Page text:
Byron York

All across Iowa, Republican candidates are trying to cram as much campaigning as possible into the days remaining before the Jan. 3 caucuses, all the while taking care not to get in the way of the voters' real lives during the holiday rush.

Why would Republicans schedule such a crucial event at such an inconvenient time? What sense does that make? The answer is: It doesn't make any sense, and it didn't have to be that way. And it wouldn't be, were it not for Florida.

The Iowa caucuses were originally scheduled to take place on Feb. 6, followed by New Hampshire, South Carolina and Nevada. Each state jealously guards its place in the schedule -- Iowa is the first caucus; New Hampshire, the first primary; South Carolina, first in the South, and Nevada, first in the West.

Having the race begin in earnest on Feb. 6 would have allowed Republicans plenty of time to campaign after all the holiday distractions. The other states would have followed in an orderly fashion, with Florida set for March.

But Florida Republicans worried that a fast-breaking Republican race might be decided by March, which would give Florida no role in selecting the GOP nominee. So Florida Gov. Rick Scott and a group of legislators decided to move Florida's primary to Jan. 31, ahead of Iowa and the rest of the pack.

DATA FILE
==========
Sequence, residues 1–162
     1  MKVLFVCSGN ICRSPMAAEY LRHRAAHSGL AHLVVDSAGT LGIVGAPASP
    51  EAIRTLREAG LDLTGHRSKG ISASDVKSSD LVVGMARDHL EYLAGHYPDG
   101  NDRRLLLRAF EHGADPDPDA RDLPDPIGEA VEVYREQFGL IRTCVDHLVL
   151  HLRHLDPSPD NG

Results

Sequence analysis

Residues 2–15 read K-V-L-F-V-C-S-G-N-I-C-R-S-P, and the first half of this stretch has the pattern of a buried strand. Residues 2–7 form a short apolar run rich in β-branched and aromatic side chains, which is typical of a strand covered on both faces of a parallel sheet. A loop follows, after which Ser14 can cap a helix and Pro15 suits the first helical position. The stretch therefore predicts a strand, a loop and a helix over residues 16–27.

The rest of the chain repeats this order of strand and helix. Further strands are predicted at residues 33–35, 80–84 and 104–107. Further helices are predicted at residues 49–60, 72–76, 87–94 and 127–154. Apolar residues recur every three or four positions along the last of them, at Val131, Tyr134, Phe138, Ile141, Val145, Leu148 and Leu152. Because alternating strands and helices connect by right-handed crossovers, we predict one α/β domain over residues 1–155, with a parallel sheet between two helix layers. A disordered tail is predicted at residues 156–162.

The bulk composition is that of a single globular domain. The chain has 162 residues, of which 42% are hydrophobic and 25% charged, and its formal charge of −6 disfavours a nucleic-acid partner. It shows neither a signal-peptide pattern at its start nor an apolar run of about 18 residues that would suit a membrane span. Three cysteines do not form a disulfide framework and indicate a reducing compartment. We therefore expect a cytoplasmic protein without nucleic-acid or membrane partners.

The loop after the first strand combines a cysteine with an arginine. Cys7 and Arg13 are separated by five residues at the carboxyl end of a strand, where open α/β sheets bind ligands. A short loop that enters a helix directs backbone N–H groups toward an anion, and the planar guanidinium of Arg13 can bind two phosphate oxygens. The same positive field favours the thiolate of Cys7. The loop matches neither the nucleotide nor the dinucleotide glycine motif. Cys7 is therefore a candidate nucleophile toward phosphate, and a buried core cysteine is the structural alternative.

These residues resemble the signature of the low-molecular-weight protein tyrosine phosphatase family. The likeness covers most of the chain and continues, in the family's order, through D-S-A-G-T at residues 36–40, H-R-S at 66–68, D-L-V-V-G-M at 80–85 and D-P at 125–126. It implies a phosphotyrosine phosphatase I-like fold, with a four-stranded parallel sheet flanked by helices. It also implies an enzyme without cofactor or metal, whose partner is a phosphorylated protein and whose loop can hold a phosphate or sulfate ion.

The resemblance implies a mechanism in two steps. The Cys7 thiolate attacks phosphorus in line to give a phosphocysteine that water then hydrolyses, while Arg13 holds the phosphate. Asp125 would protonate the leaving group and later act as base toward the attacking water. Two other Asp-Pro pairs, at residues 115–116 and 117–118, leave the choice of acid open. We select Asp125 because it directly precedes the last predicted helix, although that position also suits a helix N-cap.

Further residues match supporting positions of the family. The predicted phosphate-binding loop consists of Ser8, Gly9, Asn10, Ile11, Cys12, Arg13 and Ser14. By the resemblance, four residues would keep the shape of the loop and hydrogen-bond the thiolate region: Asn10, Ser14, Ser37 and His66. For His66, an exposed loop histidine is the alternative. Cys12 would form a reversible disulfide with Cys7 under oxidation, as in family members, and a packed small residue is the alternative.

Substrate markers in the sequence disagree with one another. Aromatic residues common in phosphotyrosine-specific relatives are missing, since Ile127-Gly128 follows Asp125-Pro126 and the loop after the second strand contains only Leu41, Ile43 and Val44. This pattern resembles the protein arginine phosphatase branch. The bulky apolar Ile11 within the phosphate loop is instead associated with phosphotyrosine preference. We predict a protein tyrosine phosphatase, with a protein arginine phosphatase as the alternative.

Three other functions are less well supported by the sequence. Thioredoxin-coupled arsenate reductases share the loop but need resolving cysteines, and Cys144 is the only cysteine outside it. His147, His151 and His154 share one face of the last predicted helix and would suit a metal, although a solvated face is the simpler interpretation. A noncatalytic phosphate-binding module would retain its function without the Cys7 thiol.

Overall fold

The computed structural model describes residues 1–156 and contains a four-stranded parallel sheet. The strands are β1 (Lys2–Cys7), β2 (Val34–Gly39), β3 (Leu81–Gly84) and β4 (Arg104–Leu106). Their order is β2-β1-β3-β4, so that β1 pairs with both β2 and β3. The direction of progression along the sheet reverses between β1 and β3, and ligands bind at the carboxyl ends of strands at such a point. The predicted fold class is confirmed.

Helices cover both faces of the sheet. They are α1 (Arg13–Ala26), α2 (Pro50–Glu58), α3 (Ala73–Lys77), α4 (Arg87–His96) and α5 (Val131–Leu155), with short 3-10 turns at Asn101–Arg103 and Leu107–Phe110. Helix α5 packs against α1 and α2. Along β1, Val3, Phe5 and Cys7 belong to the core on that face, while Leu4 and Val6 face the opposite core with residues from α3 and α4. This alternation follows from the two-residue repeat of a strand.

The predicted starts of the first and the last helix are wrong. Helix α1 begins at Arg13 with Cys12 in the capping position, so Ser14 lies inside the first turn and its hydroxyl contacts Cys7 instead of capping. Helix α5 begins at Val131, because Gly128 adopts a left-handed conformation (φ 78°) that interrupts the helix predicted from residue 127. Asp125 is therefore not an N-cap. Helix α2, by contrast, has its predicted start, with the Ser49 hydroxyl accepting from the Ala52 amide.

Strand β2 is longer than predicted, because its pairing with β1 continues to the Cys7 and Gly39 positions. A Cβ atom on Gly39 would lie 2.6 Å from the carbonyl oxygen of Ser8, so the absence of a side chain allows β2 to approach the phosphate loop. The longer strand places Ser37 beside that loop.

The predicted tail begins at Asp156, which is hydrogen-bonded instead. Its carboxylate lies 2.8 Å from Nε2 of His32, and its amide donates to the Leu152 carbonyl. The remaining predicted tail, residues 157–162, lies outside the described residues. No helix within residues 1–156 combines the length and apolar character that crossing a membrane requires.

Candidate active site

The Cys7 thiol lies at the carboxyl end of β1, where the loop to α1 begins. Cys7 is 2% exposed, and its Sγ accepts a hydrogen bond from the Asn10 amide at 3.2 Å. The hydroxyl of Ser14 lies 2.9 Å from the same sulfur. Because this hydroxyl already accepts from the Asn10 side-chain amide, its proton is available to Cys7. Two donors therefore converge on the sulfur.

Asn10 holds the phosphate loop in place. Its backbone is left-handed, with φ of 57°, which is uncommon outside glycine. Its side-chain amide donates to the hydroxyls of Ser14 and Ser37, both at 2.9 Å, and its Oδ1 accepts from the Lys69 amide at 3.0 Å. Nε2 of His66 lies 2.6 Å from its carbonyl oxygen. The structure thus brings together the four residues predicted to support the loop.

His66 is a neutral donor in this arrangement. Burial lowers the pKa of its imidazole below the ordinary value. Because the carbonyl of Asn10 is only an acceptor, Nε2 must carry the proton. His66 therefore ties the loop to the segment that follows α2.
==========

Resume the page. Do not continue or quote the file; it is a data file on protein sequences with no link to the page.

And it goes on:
The Floridians knew the move was against party rules, but as former Gov. Bob Martinez explained: "We're the biggest swing state in the Union." And the biggest swing state does what it wants.

The other states howled. Iowa GOP Chairman Matt Strawn denounced Florida's "arrogance" and "petulant behavior." New Hampshire GOP Chairman Wayne MacDonald called the decision "a disservice to the political process." South Carolina GOP Chairman Chad Connelly called Florida a "rogue state."

No matter. "Florida will be crucial to the general election strategy, and we are the fourth-most populous state in the Union," says Florida GOP spokesman Brian Hughes. "What other states did to pack around the holidays and how candidates and their organizations choose to campaign are not things that Florida could decide."

Byron York

Byron York, chief political correspondent for The Washington Examiner